Six firms chosen for satellite work
Originally posted Sept. 5 at 12:20 p.m. and updated Sept. 11 at 12:46 p.m.
- By Dawn S. Onley
- Sep 05, 2006
The Army has chosen six companies to compete for work under its five-year, $5 billion World-Wide Satellite Systems contract.
The winners include two large businesses ? Boeing Co. and General Dynamics Corp. ? and four small businesses: DataPath Inc. of Duluth, Ga.; D&SCI of Eatontown, N.J.; Globecomm Systems Inc. of Hauppauge, N.Y.; and TeleCommunications Systems Inc. of Annapolis, Md.
Under the contract, each company will offer turnkey commercial satellite terminals and the systems it takes to run those terminals, including hardware, software, services and data. The services range from operations to logistics support.
Depending on user requirements, the systems will operate on any military or commercial satellite in the C, Ku, X and Ka bands. The terminal types include:
- Combat Support Service Very Small Aperture Terminals (CSS VSATs)
- Fixed-station satellite terminals
- Flyaway VSATS
- Military-certified satellite terminals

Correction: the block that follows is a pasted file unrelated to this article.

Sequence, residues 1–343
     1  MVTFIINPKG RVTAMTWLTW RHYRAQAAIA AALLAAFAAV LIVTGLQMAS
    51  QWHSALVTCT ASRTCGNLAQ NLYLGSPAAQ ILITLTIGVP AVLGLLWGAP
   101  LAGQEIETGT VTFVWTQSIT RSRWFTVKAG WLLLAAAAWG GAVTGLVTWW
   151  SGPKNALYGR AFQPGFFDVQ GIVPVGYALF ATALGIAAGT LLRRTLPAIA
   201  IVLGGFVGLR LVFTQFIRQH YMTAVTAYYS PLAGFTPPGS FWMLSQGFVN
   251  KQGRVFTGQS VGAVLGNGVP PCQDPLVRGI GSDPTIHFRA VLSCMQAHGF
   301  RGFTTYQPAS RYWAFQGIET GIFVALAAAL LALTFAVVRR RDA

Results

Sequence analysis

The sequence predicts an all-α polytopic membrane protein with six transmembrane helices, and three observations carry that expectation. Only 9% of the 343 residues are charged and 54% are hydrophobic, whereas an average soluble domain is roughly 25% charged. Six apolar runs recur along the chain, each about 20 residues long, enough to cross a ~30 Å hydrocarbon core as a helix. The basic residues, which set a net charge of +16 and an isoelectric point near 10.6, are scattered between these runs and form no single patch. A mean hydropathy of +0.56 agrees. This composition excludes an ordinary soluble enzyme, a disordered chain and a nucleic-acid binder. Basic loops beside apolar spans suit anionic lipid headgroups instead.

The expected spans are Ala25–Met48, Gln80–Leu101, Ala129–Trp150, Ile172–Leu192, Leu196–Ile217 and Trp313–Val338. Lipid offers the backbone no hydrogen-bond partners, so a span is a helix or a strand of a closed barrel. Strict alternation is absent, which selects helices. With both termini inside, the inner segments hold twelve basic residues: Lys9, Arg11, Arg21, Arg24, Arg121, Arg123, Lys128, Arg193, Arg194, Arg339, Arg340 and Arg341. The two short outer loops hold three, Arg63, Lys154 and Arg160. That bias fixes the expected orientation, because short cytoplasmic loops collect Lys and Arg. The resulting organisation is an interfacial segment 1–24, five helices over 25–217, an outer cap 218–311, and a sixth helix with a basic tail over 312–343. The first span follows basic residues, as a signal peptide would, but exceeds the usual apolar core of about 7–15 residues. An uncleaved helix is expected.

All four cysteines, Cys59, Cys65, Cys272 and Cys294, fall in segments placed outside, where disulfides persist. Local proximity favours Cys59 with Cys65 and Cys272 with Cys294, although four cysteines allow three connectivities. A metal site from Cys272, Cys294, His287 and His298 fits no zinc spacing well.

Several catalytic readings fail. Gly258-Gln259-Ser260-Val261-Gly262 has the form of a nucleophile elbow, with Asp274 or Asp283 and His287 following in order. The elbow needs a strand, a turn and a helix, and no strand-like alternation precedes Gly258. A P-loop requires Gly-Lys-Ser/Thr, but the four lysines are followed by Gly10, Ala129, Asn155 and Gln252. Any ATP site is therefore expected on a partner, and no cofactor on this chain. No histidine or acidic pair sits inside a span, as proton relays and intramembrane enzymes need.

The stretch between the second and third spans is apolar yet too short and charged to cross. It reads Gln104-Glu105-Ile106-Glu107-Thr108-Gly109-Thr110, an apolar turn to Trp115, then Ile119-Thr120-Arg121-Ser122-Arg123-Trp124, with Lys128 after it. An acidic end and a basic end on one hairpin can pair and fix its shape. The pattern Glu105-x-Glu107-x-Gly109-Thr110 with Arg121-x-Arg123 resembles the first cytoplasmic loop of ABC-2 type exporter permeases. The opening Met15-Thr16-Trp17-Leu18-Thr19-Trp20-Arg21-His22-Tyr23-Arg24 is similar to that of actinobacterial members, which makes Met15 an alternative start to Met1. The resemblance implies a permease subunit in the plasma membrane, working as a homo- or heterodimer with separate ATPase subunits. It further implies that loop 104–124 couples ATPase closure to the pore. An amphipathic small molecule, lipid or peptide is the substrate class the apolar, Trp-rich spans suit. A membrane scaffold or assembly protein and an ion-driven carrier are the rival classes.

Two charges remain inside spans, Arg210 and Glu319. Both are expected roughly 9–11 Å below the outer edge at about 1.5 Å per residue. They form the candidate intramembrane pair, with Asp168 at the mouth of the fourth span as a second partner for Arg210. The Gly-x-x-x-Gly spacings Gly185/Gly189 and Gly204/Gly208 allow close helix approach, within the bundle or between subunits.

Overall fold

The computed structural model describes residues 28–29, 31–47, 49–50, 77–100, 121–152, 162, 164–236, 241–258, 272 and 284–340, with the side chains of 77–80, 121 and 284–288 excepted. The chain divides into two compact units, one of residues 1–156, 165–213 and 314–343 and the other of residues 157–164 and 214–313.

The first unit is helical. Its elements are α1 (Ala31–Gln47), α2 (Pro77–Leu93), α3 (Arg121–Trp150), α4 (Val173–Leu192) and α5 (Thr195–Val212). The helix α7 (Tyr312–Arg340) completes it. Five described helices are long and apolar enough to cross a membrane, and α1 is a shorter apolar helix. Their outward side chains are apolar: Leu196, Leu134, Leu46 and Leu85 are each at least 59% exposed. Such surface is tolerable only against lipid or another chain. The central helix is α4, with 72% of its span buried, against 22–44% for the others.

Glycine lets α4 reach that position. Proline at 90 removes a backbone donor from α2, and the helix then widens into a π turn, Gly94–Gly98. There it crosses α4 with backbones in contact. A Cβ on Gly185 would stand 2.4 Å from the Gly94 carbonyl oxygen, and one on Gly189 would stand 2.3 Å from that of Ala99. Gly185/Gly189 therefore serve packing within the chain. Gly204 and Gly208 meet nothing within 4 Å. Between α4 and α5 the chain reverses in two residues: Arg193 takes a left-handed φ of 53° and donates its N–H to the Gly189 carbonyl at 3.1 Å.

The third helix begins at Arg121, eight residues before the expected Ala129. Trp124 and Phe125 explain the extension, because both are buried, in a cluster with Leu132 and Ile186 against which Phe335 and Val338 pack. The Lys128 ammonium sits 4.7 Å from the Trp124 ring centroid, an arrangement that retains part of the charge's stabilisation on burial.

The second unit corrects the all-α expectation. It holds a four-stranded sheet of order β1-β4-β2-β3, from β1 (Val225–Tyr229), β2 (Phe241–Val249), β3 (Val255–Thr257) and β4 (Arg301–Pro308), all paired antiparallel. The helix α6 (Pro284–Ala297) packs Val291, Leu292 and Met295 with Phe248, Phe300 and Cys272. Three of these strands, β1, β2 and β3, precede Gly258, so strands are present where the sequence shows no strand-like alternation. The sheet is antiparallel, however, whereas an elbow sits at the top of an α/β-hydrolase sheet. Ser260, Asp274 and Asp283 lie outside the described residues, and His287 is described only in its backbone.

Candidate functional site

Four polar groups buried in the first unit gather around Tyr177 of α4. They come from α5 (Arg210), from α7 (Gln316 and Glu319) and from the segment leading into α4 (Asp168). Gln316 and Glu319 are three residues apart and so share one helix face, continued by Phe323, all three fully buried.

- Prime mover/trailer-mounted satellite terminals and
- Deployable satellite Earth terminals
Defense and civilian agencies can order from the contract. Army officials said the contract's products and services will support federal communications missions, including disaster relief and homeland security initiatives.
Kevin Carroll, the Army's program executive officer for enterprise information systems, said federal purchasers don't need a background in satellite communications or need to be acquisition experts to reap the benefits of the contract vehicle.
"We've already come across potential customers who don't have the technical expertise or the acquisition expertise, so we'll assist them," added Scott A. Mathews, a project leader for the World-Wide Satellite Systems contract. "We've developed a streamlined delivery order process ? to help customers convert their validated requirements into a request for a task execution plan, which the contracting officer will forward to each of the six vendors."
The contract was developed under a partnership of Project Manager, Defense Communications and Army Transmission Systems and the Project Manager, Warfighter Information Network-Tactical.Dawn S. Onley is a staff writer for
Washington Technology's sister publication, Government Computer News